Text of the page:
Dead On Arrival: Our Review Of ‘Survival Box’

Posted in Movies, Theatrical by - August 15, 2019
Dead On Arrival: Our Review Of ‘Survival Box’

Survival Box is a Canadian thriller film from director William Scoular and stars an ensemble cast that are virtually unknown (at least to me). It is essentially a “bottle movie” – a small group of characters in a single location for the majority of its runtime. 

The film opens with a rather on-the-nose framing device of some of our characters watching a news report scrutinizing a tweet from President Donald Trump antagonizing North Korea’s Kim Jong-un about America’s superior nuclear arsenal (a tweet that I remember well). Shortly thereafter, our cast retreat into the palatial estate’s fallout bunker for an underground rave. When they awaken in the morning, they find that they are in lock-down due to (though it’s never made entirely clear) a nuclear attack. 

On paper, this is my kind of movie. I love seeing a small number of characters in a small setting having to come to terms with one another. If it functions as a character study, bonus. If some characters suffer cabin fever and start going crazy, even better. While these ideas are explored to some extent, I must say, I didn’t like this movie at all. 

The characters in this film are so poorly written, particularly because most of them have seemingly been written into a dramatic archetype box. Chris (Paul Syrstad) is the pragmatist, Scott (Adam Moryto) is the unhinged antagonist (you know he’s evil because he’s doing magic mushrooms), and Kit (Maria Zungia) is the well-meaning, yet mentally ill girl that nobody understands.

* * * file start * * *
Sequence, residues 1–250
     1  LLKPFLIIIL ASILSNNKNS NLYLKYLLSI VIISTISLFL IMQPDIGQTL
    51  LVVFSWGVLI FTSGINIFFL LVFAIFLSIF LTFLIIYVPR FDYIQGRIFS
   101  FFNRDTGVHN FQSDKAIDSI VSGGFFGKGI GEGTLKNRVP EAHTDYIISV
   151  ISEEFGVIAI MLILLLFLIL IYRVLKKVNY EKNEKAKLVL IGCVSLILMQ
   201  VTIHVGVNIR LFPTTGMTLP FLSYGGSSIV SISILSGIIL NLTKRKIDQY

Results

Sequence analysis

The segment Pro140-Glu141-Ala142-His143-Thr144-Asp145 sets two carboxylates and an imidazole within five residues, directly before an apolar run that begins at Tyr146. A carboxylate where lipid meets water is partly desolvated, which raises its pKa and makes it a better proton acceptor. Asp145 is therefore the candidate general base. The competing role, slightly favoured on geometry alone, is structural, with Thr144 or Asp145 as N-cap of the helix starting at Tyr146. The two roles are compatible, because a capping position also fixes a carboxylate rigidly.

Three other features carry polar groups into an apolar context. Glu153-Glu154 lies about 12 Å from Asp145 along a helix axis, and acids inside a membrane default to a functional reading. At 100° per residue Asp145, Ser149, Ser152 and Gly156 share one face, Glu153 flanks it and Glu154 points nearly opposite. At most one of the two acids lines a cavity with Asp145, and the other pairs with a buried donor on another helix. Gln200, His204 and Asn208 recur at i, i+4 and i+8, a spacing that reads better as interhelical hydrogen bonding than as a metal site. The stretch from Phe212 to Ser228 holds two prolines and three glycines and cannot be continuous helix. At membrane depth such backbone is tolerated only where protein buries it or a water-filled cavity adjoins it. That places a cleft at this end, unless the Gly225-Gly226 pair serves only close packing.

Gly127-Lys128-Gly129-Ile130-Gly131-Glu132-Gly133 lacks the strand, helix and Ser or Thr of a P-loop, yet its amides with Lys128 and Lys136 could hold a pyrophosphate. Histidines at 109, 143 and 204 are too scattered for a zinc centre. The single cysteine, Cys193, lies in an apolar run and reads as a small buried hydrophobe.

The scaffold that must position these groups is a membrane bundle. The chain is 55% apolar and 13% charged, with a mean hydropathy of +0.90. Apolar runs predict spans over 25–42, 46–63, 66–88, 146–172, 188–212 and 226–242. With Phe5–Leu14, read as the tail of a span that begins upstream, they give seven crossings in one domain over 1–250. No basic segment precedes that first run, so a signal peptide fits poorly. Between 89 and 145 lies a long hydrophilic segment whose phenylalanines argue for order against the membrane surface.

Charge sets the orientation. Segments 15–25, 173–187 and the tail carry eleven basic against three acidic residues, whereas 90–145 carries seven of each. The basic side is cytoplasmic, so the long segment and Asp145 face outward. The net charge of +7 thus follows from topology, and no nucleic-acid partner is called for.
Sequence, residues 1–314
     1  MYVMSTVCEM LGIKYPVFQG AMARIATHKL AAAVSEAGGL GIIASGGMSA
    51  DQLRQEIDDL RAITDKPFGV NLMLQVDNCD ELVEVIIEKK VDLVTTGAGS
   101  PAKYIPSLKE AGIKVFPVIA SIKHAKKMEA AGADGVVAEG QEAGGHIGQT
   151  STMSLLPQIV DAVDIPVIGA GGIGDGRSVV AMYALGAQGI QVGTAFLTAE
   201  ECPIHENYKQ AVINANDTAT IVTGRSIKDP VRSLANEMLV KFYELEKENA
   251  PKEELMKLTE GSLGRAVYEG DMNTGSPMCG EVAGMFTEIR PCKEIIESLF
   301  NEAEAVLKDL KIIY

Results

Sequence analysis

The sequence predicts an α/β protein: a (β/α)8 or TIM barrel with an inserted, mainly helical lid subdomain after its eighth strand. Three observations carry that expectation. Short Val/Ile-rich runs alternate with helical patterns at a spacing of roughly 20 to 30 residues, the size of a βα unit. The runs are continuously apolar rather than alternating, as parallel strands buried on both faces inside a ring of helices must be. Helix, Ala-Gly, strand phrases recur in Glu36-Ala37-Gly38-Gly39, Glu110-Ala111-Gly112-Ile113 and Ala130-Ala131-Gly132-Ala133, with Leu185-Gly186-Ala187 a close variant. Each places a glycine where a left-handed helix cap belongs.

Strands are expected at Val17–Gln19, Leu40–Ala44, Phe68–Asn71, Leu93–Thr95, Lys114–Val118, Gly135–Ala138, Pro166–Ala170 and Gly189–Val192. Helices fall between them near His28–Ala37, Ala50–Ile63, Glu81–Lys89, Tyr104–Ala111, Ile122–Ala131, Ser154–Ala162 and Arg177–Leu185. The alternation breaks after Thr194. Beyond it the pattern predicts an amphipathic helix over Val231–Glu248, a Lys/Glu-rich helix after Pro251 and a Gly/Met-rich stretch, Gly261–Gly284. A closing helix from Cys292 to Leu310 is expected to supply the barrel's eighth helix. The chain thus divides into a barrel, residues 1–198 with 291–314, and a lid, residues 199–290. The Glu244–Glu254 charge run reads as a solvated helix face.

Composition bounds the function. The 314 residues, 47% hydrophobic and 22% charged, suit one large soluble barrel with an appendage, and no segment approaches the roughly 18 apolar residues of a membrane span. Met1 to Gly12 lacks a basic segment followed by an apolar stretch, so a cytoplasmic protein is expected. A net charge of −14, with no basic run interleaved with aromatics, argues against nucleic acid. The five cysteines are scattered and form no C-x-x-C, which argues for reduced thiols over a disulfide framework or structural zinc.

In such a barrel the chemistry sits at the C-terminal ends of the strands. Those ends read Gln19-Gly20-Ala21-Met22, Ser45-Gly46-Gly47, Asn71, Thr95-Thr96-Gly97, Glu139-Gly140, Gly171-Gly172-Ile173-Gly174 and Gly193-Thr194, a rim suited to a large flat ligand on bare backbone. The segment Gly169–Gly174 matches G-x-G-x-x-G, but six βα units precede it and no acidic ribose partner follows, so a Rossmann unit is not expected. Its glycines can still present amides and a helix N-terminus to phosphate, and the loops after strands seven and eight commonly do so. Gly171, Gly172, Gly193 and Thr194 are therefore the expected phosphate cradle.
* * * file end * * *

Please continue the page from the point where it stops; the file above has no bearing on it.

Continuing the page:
With the exceptions of Michala Brasseur (Camilla), Tori Khalil (Amy), and the aforementioned Zungia (all of whom turn in pretty decent performances – with Zungia doing the absolute best she can with what’s been given to her), this is not a particularly well acted film. Having said that, I have to place the majority of the blame on the screenplay. The dialogue is awful, it’s cliché, and we’ve heard these lines in countless movies before this one.

There are character beats that feel incredibly shoehorned in just to create drama. One character antagonizes another for absolutely no reason other than perhaps spite. If this had taken place after weeks inside the bunker to show how this character is losing it, fine. This happens on day two, and there’s simply no reason for it. 

We get the requisite conversations about rationing food, adopting a democratic method, bunker maintenance, and “should we, or should we not try going outside?”, and it all feels like a retread. We’ve seen all of this before, and oftentimes executed much better. 

As cliques between our group of survivors begin to coalesce, so do tensions between the various factions. Rarely do these conflicts amount to much, and tension is not well established. Further, one character has a number of dream sequences that add nothing to the film but time. 

The heavily electronic score is overwrought, seemingly trying to explain to the audience that this is a particularly important moment, rather than the filmmaker doing it himself organically. 

The line between foreshadowing and telegraphing is a fine one. As far as how my mind works, foreshadowing gives me a subconscious inkling of what will happen, whereas telegraphing just straight up tells me. Survival Box is all telegraph. Because of that, the movie doesn’t hold a single surprise. It plays out exactly as I expected it to. 

Survival Box is not very good. The film is boring, cliche, and brings nothing new to the table in an already cluttered genre. Honestly? Don’t bother.

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